Eric Trump, Donald’s second-eldest son, is one of those who runs the Trump Organization. Until the end of last year, he was also head of the Eric Trump Foundation,  a so-called “charitable” organization that reportedly raises millions of dollars for the St. Jude Children’s Research Hospital.

For a decade, the organization held an annual “Eric Trump Foundation Golf Invitational” at the family’s Westchester National Golf Club in Westchester, New York, raising approximately $11 million for the hospital. How does he do it? According to Trump the Younger, it’s all about efficiency: because the Trump family owns the golf course, they get to use it free of charge. Other costs are donated by well-heeled individuals, so every cent goes to St. Jude.

Except that it’s a lie. The fact is that according to tax filings, the Eric Trump Foundation did pay for the use of that golf course – and those payments went straight into the coffers of the Trump Organization. Over $100,000 of the donations wound up right back into Trump’s pockets.

It gets better: in a story first published Tuesday in Forbes, over half a million dollars in donations that were supposed to go to the Memphis-based children’s hospital were re-directed to other charities after nine people joined the board of Eric’s foundation in 2011 – all of whom had “a vested interest in the moneymaking side of the Trump Empire.” According to Forbes:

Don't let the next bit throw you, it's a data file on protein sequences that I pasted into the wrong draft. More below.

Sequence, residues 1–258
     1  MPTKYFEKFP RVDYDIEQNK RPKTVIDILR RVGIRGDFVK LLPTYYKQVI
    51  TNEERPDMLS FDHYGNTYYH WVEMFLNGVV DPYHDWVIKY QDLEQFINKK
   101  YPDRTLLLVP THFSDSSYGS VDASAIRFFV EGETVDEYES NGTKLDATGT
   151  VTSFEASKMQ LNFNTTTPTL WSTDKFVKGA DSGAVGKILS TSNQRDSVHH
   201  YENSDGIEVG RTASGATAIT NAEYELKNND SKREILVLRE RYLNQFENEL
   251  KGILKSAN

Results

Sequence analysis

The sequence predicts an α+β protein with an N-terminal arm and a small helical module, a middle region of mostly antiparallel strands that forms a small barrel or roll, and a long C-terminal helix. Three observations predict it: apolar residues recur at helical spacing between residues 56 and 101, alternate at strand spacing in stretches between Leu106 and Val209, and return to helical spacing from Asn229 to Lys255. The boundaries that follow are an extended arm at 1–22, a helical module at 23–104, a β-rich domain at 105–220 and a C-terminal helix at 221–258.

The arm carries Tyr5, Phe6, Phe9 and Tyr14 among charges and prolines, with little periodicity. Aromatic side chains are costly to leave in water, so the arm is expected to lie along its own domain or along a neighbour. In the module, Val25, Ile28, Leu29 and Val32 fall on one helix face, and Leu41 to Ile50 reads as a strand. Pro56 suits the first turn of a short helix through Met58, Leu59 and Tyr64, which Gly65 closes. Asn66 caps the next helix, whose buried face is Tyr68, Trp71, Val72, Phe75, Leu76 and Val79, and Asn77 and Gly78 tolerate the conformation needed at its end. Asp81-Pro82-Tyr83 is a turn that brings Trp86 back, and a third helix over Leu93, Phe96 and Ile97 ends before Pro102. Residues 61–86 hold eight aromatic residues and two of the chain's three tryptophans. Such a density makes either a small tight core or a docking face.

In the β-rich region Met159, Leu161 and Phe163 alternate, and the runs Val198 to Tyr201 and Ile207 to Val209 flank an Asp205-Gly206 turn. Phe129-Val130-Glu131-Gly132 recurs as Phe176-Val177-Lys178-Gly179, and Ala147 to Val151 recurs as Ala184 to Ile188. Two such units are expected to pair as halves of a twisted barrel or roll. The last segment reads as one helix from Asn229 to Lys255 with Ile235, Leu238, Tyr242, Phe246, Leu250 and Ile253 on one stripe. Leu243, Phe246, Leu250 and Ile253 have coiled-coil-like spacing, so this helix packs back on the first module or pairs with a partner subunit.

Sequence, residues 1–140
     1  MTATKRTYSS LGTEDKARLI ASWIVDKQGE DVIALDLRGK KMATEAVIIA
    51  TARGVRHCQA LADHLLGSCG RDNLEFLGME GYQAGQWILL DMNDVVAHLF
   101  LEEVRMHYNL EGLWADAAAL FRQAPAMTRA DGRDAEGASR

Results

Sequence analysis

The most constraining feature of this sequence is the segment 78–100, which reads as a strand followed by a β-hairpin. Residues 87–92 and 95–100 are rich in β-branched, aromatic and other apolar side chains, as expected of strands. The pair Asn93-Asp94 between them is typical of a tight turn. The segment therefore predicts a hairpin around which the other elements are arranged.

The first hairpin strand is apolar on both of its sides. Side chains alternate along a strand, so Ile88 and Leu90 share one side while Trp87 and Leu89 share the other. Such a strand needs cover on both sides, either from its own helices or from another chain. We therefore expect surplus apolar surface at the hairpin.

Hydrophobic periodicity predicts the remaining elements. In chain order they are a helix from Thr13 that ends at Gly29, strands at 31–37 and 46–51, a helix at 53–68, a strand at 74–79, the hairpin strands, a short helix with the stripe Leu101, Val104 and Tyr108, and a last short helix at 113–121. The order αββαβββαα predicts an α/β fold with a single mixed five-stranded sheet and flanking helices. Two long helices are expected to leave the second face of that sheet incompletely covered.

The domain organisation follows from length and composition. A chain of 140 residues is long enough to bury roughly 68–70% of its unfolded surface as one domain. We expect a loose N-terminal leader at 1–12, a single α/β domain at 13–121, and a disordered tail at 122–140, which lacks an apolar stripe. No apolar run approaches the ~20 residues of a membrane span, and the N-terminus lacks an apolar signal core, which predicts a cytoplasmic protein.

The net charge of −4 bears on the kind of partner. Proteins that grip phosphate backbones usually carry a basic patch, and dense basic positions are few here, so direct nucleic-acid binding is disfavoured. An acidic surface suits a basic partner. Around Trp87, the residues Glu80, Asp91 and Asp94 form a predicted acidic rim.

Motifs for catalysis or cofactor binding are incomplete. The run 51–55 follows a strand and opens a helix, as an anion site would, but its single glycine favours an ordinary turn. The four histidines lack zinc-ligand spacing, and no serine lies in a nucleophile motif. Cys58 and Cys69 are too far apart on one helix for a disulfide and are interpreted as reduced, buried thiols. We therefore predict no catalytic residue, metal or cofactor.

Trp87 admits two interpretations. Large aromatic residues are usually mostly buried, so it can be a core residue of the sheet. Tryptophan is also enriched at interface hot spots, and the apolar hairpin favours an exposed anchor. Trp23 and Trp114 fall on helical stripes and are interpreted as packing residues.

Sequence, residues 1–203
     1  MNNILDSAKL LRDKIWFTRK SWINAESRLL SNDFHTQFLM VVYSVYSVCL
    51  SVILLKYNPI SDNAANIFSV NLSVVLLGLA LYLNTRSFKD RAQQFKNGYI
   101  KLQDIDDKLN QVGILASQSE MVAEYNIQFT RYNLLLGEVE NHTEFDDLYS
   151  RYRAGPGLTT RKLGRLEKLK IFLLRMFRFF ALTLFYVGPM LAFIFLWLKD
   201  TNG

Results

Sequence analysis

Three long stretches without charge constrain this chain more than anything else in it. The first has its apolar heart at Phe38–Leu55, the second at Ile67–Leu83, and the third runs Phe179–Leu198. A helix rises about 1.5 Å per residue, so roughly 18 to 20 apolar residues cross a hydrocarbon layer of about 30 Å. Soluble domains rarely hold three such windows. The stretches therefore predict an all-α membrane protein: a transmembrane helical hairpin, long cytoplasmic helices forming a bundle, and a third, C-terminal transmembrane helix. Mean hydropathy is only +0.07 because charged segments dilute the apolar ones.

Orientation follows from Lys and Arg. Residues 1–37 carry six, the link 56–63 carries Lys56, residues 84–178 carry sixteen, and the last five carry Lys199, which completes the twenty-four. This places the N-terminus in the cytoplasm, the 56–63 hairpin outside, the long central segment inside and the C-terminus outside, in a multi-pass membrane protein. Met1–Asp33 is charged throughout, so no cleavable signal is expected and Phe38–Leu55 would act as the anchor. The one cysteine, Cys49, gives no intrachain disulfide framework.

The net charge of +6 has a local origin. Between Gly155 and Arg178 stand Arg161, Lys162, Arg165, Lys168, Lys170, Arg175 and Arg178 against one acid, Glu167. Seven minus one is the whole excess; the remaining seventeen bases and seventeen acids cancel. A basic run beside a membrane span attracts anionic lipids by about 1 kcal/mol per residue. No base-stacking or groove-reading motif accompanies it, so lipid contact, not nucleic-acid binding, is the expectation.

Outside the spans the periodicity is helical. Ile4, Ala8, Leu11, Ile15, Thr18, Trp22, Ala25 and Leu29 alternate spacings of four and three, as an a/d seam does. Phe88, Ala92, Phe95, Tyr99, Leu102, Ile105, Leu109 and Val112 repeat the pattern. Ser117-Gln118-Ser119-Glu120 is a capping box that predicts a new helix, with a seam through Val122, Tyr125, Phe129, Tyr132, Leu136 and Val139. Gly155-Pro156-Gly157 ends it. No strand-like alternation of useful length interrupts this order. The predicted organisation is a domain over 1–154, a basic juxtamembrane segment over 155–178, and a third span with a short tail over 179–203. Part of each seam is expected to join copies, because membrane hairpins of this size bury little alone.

Until this board turnover, the Eric Trump Foundation pretty much did what it told its donors it would: Send its money to St. Jude. But starting in 2011, more than $500,000 was redirected to a variety of other charities, many of which were personal favorites of Trump family members and several of which had nothing to do with children’s cancer — but happened to become clients of Trump’s golf courses.”

In fact, one part of those “reallocated” funds – $5000 – found its was into a charity known as Abilis. Abilis later returned the favor to the tune of $240,000 in the five years following, an enviable return on investment (and that is exactly what it was, make no mistake).

When Eric started the annual golf invitational tournament, expenses for the event ran a relatively modest $50,000. According to Ian Gillule, the Westchester National Gold Club’s former membership and marketing director, the Foundation wasn’t billed for using the club at first. “The bills would just disappear,” he said.

Over the years however, operation costs escalated, nearly tripling by 2011. Then, the Trump patriarch got wind of it. “He flipped,” said Gillule. “He was like, ‘We’re donating all of this stuff, and there’s no paper trail? No credit?’ And then he went nuts. He said, ‘I don’t care if it’s my son or not – everybody gets billed.’”

Donald donated $100,000 of his own to his son’s foundation, ostensibly to offset the higher costs. But of course, that came right back into his own pockets.

One could say that at least the St. Jude Children’s Research Hospital got something. Nonetheless, it is reprehensible to be using a charitable foundation for personal gain. But then, considering that the Trump Crime Family is turning the entire country into its own personal ATM machine, it’s just business as usual anymore.

K.J. McElrath is a former history and social studies teacher who has long maintained a keen interest in legal and social issues. In addition to writing for The Ring of Fire, he is the author of two published novels: Tamanous Cooley, a darkly comic environmental twist on Dante's Inferno, and The Missionary's Wife, a story of the conflict between human nature and fundamentalist religious dogma. When not engaged in journalistic or literary pursuits, K.J. works as an entertainer and film composer.